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In which Hank discusses Superhero creation myths, and how the stories we tell about superheroes reflect contemporary fears and fascinations--from Wolverine to Captain America to Spiderman to Batman to Dr. Who.


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A Bunny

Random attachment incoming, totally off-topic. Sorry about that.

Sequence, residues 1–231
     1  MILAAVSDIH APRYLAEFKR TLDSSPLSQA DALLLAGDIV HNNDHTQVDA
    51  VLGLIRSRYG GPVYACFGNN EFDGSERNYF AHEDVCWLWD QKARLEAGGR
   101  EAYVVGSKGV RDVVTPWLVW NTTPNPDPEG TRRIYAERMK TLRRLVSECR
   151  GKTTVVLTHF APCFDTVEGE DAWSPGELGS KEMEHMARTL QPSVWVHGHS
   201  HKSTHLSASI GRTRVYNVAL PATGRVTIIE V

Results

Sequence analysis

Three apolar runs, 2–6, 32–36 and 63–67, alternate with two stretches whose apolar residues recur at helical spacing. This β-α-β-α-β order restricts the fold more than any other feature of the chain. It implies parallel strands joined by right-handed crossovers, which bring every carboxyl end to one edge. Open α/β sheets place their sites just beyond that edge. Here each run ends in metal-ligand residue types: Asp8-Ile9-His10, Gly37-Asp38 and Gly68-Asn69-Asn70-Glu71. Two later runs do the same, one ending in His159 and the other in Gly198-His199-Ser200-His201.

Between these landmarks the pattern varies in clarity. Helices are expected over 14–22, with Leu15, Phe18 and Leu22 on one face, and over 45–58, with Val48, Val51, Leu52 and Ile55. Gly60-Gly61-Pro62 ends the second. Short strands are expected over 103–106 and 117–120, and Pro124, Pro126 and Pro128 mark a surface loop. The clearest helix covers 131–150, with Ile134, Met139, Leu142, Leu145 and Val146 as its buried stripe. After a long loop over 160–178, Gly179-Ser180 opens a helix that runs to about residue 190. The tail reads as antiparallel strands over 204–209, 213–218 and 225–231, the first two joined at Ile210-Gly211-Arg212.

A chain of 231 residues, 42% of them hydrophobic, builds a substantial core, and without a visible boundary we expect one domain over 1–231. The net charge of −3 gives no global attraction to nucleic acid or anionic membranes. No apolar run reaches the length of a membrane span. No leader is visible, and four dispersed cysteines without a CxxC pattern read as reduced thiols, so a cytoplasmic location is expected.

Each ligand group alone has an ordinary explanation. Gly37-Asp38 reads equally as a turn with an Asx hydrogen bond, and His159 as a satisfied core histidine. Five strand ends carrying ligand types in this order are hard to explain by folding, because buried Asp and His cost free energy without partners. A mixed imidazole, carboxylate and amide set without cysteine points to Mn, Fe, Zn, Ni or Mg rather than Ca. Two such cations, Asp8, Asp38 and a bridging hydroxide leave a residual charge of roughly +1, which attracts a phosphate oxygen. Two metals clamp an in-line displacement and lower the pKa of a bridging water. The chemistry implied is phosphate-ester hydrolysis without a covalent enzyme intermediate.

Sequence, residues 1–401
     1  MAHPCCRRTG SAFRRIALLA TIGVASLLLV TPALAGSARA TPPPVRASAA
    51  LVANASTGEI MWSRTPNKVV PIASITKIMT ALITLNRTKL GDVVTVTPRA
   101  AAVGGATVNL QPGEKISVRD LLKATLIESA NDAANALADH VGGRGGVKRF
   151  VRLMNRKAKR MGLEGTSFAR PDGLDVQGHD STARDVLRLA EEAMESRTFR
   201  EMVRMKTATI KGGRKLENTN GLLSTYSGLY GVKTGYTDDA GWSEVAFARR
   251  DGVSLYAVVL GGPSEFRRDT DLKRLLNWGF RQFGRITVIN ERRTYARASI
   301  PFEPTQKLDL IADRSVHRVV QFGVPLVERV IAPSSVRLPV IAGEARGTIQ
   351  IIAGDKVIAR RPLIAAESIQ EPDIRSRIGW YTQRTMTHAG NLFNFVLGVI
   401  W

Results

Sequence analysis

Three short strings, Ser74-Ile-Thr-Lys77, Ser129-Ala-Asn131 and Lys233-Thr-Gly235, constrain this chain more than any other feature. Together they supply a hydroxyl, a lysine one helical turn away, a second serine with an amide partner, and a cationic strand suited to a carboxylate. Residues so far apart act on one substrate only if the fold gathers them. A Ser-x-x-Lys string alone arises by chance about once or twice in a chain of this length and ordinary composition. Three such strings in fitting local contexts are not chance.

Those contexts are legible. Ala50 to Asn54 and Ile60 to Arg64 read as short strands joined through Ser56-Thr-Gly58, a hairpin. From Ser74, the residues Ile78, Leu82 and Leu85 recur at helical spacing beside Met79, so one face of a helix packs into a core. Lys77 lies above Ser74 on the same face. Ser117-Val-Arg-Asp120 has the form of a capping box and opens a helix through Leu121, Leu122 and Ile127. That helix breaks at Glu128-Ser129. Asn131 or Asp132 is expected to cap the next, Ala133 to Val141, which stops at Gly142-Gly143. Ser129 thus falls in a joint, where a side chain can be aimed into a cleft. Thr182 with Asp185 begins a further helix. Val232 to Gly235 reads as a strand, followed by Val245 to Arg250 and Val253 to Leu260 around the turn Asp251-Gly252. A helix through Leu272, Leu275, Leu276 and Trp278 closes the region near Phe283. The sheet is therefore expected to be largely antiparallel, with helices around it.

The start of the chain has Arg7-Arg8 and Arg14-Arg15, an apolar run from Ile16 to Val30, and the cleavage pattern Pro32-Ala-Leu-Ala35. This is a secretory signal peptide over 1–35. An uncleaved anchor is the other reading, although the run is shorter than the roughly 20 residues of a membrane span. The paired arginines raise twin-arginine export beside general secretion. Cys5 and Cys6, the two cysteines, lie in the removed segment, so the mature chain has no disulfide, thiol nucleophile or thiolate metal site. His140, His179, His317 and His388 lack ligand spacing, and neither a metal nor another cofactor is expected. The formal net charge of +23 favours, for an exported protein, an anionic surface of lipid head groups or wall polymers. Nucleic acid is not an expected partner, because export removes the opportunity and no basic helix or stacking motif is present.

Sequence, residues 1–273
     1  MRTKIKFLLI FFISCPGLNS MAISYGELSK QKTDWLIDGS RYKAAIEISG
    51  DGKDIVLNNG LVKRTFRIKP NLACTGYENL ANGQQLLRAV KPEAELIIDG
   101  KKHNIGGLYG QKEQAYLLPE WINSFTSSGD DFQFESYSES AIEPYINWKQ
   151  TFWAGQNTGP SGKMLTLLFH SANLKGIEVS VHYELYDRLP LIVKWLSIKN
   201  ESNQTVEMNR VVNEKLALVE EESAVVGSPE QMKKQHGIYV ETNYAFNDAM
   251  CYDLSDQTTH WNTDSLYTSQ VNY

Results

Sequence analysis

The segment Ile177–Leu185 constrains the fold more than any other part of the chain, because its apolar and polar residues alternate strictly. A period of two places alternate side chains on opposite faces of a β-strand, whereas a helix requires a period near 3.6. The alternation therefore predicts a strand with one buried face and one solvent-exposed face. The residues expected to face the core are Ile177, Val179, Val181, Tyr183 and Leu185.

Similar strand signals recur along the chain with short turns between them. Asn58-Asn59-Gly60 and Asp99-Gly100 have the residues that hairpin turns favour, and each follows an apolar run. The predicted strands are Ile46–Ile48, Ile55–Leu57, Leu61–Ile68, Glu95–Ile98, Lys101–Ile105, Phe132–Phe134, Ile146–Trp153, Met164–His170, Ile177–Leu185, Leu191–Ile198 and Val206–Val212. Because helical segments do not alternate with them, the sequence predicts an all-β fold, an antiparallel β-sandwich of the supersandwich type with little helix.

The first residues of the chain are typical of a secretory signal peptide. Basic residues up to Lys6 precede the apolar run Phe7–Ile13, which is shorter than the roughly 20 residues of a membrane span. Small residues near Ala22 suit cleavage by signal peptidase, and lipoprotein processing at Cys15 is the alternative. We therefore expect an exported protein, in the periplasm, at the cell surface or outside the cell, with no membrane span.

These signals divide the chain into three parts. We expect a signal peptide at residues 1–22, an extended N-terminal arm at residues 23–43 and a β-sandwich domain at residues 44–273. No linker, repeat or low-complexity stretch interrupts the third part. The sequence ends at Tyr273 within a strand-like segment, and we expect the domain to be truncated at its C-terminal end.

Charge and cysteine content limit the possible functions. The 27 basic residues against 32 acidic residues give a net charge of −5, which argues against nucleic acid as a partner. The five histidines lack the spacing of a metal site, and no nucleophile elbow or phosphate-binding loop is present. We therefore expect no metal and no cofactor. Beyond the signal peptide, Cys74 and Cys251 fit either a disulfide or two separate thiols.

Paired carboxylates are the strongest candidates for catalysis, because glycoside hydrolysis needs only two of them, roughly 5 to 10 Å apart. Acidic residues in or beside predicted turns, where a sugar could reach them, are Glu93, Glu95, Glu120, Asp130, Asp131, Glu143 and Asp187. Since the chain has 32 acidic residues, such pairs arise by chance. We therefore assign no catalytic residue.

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Good morning John, I am currently in Haiti. No, I'm in my office, but by the time you see this, I will be in Haiti. So I'm pre-recording this video because I'm not gonna have internet connection while I'm in Haiti. And people have been asking me to make a video about the science of zombies, so I thought that I would get that out of the way right now. There is no science of zombies! There has never been, nor will there ever be - an undead creature. Life is an extraordinarily complicated balance of inputs and outputs and temperatures and reactants and wastes and fuels, and if any of that stuff breaks down, none of it works. Homeostasis - look it up, and then stop worrying about zombies. But this does lead me to an interesting thought: How, in fiction, are supernatural beings created? And what does that say about the people who write those stories and the people who are interested in those stories? So zombies, for example, are generally created by disease. Just like rabies, you get bit, you get the disease, you get sick, you go crazy and then you die, and then you un-die and then you, yourself, become a vector for the disease. There are other examples for disease-based conversion from natural to supernatural, uh, werewolves being another one like zombies, but also vampires. Now vampires get their power from a disease, but it seems very different from zombies, and it is in fact, quite different from zombies because zombies are a disease based in violence; whereas vampires are a disease based in romance-sexy-time. Which kinda makes sense why women are more interested in the vampires stuff, and the men are more interested in the zombie stuff, because it's like action movies versus chick-flicks. Except that supernatural monsters version of that argument. But all of this is pretty unsurprising because sex, and disease and violence, probably some of the most important forces in the lives of early humans, but newer myths, created by fiction writers and a lot of comic writers provide the same kind of insight. Superheroes nowadays don't so much get their power from disease and sex and violence, superheroes, which began to be created in the 1930s or so, get their power from things that we believe, or believed, hold great power. Spiderman is a great example, because once upon a time, he got his powers from being bitten by a radioactive spider, and that was back when radioactivity and atomic power held all this promise of potential, like, cheap energy for everyone and also the potential for the destruction of the entire world. But then when Spiderman got revamped for the next generation, they cut out the radioactivity - cause that wasn't sexy any more - and instead they put in a genetically modified spider. And thus, we can say about ourselves as consumers of content, that the aura of mystery and power and fear that once surrounded radioactivity and atomic energy now has moved over into genetically modified stuff. All these things that within our culture hold a great deal of power and mystique, like money and technical expertise and the government as a hero and the government as a villain, atomic power, outer-space, the internet, particle physics, our genes, our brains - our obsession with all these things have grown and waned over the years, as has their use in the creation of superheroes. And of course, John, in your zombie apocalypse novella, you did this very thing - you took a source of power and fear and mystery for humanity, the genetic engineering of crops, and you mixed it with the existing zombie myth to get zombies who died and then liked to plant lots of corn. You fell directly into the archetype, like everybody else. Of course, everyone falls in the archetype - that's what archetypes are for. So I'm always keeping my eye out for new and unique ways that superheroes are being created, because I think it's a really clear indicator of what we're becoming obsessed with and what we're becoming afraid of. For example, there's a new movie coming out in which an out of work writer takes this pill, and he becomes a super-genius, and of course, this reflects our fear and fascination about what is going on with brain chemistry and pharmaceuticals. Superheroes and other super natural beings are, of course, fictional, and they seem like they're just there for fun, but they do provide us, I think, with a great opportunity to analyze ourselves and what we're becoming obsessed with and what we're becoming afraid of. Interestingly, those two things - often the same thing. So it's nice to see that this entire shelf of science fiction here, in fact, allows me to learn more about us as humans. John, I'll see you on Monday.